Sports. Honestly. Since 2011

Could Juan Manuel Cerundolo’s Cordoba Title be a Bad Thing?

Juan Manuel Cerundolo

Juan Manuel Cerundolo raised his arms to the sky and pumped his fist. It was a glorious moment for the 19-year-old Argentinian. He had just beaten veteran clay courter Albert Ramos 6-0 2-6 6-2 to win his first ATP title, in his home country.

The 2021 Cordoba tournament was the stage for the first ATP main draw wins of Cerundolo’s career, making it even more shocking that he actually snagged the title.

After winning the title, Cerundolo told the ATP, “I honestly can’t believe it. It’s an unforgettable experience, I will never forget this moment. I’m super happy and even more because it’s in Argentina, in my home with all my friends and family cheering me on.”

But, will this be the last time Cerundolo gets to experience the joy of an ATP singles title? If he keeps up his current tactics, that would seem likely.

So, what worked for Cerundolo in Cordoba? Cerundolo, a lefty, utilized his heavy forehand with a huge net clearance. He was able to stay far behind the baseline and use the blustery conditions (for much of the week) to his advantage, throwing up high heavy shots and letting the wind wreak havoc. Cerundolo was very consistent with his groundstrokes and forced opponents to take bigger and bigger risks to get the ball by him.

In addition, Cerundolo’s variety was top-notch that week. Whether a perfect drop shot that an opponent didn’t see coming, a short angle, or a touch shot at the net, Cerundolo made things very uncomfortable for opponents.

However, it was on the strength of the return that was so impressive for Cerundolo that week. In the semifinal against Coria and the final against Ramos, both opponents had a higher second serve win percentage compared to first serve win percentage. Neither Coria nor Ramos had a first serve win percentage above 51%. In addition, the two players faced 35 break points combined in the semifinal and final matches and were broken a total of 13 times!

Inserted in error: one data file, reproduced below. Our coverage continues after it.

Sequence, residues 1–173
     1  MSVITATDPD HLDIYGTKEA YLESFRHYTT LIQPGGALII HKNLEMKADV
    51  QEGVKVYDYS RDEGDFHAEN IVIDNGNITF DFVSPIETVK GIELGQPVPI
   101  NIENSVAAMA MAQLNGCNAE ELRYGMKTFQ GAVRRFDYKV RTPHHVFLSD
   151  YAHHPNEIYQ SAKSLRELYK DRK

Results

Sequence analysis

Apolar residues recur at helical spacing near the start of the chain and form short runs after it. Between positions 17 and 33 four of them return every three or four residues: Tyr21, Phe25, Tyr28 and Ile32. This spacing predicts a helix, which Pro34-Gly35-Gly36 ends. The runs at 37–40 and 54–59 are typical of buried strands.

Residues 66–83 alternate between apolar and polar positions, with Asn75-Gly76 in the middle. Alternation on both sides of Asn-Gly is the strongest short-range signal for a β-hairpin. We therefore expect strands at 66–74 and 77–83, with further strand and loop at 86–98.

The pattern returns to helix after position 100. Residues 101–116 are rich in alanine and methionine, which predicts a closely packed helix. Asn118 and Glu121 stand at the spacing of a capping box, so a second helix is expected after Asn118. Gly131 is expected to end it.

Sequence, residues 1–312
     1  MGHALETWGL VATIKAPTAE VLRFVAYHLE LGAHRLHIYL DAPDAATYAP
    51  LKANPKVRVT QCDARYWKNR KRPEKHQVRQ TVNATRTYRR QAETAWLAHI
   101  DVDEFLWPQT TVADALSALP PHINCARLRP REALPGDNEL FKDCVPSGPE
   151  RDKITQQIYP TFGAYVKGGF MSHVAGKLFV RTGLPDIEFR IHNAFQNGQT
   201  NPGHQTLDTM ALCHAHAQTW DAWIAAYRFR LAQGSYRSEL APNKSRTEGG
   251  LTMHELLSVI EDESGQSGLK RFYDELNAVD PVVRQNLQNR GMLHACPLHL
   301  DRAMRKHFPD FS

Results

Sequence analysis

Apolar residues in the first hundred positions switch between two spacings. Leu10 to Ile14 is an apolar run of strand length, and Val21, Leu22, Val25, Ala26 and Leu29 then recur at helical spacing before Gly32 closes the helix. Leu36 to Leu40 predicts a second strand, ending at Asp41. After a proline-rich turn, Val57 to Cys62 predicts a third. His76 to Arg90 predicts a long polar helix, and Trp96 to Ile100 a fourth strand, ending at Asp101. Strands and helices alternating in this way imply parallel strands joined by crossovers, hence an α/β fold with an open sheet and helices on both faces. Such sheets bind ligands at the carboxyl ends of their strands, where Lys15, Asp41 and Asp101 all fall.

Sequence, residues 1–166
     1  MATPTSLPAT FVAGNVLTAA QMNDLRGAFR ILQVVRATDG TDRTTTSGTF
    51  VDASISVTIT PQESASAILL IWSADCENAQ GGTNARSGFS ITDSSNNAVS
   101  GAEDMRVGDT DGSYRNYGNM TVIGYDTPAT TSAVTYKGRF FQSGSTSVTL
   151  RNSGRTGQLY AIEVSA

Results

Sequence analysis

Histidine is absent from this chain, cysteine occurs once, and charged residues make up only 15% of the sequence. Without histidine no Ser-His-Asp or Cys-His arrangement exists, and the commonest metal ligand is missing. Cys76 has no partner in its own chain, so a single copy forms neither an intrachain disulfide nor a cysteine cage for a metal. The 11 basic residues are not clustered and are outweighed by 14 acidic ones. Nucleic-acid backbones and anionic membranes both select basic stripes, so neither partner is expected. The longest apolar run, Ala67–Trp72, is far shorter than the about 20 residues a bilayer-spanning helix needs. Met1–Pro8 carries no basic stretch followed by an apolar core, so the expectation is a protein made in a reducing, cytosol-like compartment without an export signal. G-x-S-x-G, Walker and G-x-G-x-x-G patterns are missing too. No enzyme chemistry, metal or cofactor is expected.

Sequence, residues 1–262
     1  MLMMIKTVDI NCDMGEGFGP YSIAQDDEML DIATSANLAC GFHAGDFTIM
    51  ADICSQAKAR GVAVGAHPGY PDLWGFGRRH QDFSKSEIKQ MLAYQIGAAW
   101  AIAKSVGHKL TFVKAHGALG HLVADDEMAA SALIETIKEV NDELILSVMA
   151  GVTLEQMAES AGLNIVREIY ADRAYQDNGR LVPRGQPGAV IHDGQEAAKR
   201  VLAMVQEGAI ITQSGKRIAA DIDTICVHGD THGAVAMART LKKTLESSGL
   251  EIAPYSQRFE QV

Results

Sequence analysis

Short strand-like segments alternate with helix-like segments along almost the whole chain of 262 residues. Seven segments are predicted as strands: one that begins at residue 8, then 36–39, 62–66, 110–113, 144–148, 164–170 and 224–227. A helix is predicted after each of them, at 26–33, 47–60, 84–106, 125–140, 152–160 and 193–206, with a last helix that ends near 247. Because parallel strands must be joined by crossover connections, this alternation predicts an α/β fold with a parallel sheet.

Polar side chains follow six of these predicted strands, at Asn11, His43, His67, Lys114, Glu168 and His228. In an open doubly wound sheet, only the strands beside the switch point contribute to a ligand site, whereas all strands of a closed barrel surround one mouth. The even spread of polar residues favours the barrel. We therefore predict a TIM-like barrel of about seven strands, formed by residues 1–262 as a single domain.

All week, including qualifying, of the eight players he faced, only three had a second serve win percentage over 50% and only one (Thiago Seyboth Wild) had a second serve win percentage above 55%.

So, this sounds all good and well, what’s the problem?

Well, I believe that Cerundolo has adopted a mindset that is too defensive to sustain success on the ATP Tour.

The Argentinian’s serve is not a huge threat at all right now. For instance, as good as Cerundolo’s return was in the semifinals and final of Cordoba, he still wasn’t great on serve. Against Coria he only won 60% of his first serve points and 44% of his second serve points. When he played Ramos in the final, he won 61% of his first serve points and 52% of his second serve points.

So, when Cerundolo is unable to return at a high level, he’s in a bit of trouble. And it’s starting to show in the results.

Since winning Cordoba, Cerundolo is 1-3, with his lone win coming over wild card World No. 536 Gonzalo Lama in Santiago’s ATP Tour event. In none of the three losses did Cerundolo win 60% of his first serve points. Even including the Lama match, Cerundolo faced a total of 33 break points.